In true Apple style, controversy has surrounded the company in the week approaching its star-studded event on Monday where the curtains are expected to be drawn on its $1 billion+ video streaming service. Not only have a number of content firms reportedly been complaining about the pushy manner in which Apple is handling programming negotiations, but even Netflix CEO Reed Hastings rubbed salt in the wounds by stamping out rumors regarding any sort of Netflix-Apple video integration deal.
Clearly showing its complete lack of experience as a TV wheeler dealer (although you’d have thought it would have hired people with negotiating skills by now),
, Apple has reportedly peeved a number of prominent studios by being too picky about product placement, while the iPhone maker’s obsession with protecting trade secrets has manifested as a communication breakdown. A report from the New York Times, citing a dozen or so unnamed people close to the discussions, has described concerns of a “culture clash” between Apple’s furtive technology roots and the outspoken world of showbusiness.
Such is the deep-seated nature of the elements causing the blatant culture clash, that Apple’s “It’s show time” event at the Steve Jobs theater next week will do little to calm qualms within studio circles, regardless of the inevitable surge of flattering headlines next week. While the reports are new, Apple’s entertainment naivety has been plain to see for many years.
Failure to provide studios even with basic details like programming launch dates have evoked fears that ultimately Apple’s game plan is non-existent. And while Apple has struck deals with HBO, Showtime and Starz, according to Bloomberg, original content remains the priority strategy, for which it has apparently completed the production of around five original series.
Then to assume Netflix would simply move aside and embrace its new overlord with open arms is beyond a joke. Hastings echoed as much, stating at a press event that Netflix would not integrate with Apple’s streaming service for the obvious reason that it wants people to watch Netflix content on the Netflix platform. The fact Hastings even had to utter these words is an insult to his integrity.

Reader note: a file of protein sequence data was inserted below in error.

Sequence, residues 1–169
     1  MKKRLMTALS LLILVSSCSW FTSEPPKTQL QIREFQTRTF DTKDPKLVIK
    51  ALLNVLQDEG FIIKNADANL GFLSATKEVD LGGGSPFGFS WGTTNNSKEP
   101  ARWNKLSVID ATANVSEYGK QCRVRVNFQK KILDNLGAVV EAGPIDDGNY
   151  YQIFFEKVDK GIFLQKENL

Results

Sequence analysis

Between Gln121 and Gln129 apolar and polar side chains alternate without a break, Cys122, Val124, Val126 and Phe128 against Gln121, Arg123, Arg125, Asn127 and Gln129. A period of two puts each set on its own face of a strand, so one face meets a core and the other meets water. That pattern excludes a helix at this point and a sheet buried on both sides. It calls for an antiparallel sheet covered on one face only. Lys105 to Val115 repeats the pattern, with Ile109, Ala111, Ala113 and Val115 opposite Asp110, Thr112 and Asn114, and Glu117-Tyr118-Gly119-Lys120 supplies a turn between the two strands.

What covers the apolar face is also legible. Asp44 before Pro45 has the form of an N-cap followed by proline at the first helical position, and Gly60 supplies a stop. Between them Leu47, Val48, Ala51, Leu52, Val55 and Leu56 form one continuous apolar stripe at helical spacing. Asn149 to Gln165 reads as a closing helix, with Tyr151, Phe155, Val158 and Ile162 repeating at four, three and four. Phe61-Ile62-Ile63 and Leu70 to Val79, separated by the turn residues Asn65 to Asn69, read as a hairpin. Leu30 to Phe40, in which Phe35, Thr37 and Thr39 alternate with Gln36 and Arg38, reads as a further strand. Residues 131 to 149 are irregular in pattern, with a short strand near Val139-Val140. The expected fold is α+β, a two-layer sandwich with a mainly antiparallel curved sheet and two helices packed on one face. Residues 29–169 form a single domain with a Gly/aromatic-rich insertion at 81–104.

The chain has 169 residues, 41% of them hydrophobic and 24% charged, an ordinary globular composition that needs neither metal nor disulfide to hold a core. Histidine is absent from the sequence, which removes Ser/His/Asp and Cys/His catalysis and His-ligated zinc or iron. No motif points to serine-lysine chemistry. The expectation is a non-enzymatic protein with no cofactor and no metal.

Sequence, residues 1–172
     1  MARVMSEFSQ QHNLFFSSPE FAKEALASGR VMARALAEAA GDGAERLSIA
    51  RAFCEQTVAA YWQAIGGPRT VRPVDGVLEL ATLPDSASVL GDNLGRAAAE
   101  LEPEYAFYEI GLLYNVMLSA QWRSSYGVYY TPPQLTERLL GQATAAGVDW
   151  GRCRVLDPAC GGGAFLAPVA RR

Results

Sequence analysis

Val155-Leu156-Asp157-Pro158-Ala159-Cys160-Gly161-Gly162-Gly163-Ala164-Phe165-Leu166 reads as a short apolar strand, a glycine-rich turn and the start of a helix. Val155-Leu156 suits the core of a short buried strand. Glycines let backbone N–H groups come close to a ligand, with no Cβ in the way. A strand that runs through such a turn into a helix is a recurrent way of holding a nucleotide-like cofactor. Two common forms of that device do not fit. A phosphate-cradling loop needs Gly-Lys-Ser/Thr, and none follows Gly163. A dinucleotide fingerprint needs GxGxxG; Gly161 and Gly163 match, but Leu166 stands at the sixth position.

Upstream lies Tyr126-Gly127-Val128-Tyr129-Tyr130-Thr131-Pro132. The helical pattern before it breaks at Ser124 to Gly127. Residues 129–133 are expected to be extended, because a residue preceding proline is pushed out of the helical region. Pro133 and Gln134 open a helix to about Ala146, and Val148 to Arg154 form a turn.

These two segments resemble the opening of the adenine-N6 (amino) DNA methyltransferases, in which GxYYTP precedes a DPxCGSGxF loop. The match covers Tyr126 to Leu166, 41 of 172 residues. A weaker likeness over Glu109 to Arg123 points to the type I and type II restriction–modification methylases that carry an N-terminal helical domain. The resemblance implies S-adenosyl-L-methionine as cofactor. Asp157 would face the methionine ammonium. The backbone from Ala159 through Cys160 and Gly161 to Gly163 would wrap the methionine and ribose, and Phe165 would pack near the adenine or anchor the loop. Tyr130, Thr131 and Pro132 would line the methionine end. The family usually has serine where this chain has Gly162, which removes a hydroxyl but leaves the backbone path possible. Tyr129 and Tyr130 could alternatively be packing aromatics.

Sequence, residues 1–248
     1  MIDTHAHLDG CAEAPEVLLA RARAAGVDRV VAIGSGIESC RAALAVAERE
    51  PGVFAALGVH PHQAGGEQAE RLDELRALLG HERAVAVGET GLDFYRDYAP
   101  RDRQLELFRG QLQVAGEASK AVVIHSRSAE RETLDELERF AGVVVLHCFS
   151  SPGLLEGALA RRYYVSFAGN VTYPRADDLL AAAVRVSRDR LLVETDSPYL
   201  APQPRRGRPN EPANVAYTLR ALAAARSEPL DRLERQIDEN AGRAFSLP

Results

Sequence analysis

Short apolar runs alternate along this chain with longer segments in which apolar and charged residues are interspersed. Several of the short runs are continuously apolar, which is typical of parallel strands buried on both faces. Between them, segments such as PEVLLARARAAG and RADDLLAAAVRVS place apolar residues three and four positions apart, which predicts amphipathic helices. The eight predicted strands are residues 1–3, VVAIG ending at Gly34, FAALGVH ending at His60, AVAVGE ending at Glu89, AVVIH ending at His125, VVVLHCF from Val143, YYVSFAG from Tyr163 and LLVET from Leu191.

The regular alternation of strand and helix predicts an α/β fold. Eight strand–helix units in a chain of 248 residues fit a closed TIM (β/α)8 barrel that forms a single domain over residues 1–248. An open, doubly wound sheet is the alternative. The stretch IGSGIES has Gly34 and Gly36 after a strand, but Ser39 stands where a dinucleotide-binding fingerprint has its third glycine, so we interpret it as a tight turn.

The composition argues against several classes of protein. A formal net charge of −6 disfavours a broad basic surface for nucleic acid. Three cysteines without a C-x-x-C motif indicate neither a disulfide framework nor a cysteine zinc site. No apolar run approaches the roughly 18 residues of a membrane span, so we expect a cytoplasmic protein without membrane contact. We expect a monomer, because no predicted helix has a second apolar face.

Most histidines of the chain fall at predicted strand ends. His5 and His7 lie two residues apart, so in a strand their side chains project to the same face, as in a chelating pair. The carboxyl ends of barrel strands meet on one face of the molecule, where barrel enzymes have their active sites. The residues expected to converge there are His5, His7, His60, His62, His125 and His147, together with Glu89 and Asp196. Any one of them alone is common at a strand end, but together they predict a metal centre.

He did at least express some excitement about soon facing some fresh competition, saying Apple is “going to do some great shows” and will “come up with some great ideas” which Netflix would be envious of and want to “borrow.” We feel this “borrow” comment should not be taken as gospel, as this was more than likely meant as an olive branch gesture as opposed to scope for a genuine content licensing agreement in the future. Although Apple producing content compelling enough that Netflix would want to license it would be a major achievement – one which is arguably a more realistically achievable goal than usurping Netflix as the world’s top SVoD service.
Apple’s current content portfolio preview reads as following: An as-yet untitled series with Reese Witherspoon and Jennifer Aniston; Amazing Stories from Steven Spielberg; mystery drama Are You Sleeping?; sci-fi series For All Mankind; fantasy title See; a new thriller movie from M. Night Shyamalan; documentary Little America; a comedy series from the stars of It’s Always Sunny in Philadelphia; cartoon musical Central Park; a Cribs-esque documentary called Home; and finally comedy show Dickinson from Emily Dickinson. In addition, legendary director J.J. Abrams has been contracted to produce a duo of series.
A news subscription service is also rumored to be taking to the stage next week, although major publishers including The New York Times, Wall Street Journal and Washington Post are tentative due to Apple’s 50% revenue fee demand. Additional uninspiring products rumored for the event include AirPods equipped with a new H1 chip for improved battery life and faster connection, as well as a digital credit card in partnership with Goldman Sachs.
All eyes will be on Apple next week, when the company has a great opportunity to restore its fledgling video reputation following the allegations of its picky practices and miscommunication misdemeanors. Few outside the Apple fan club are optimistic.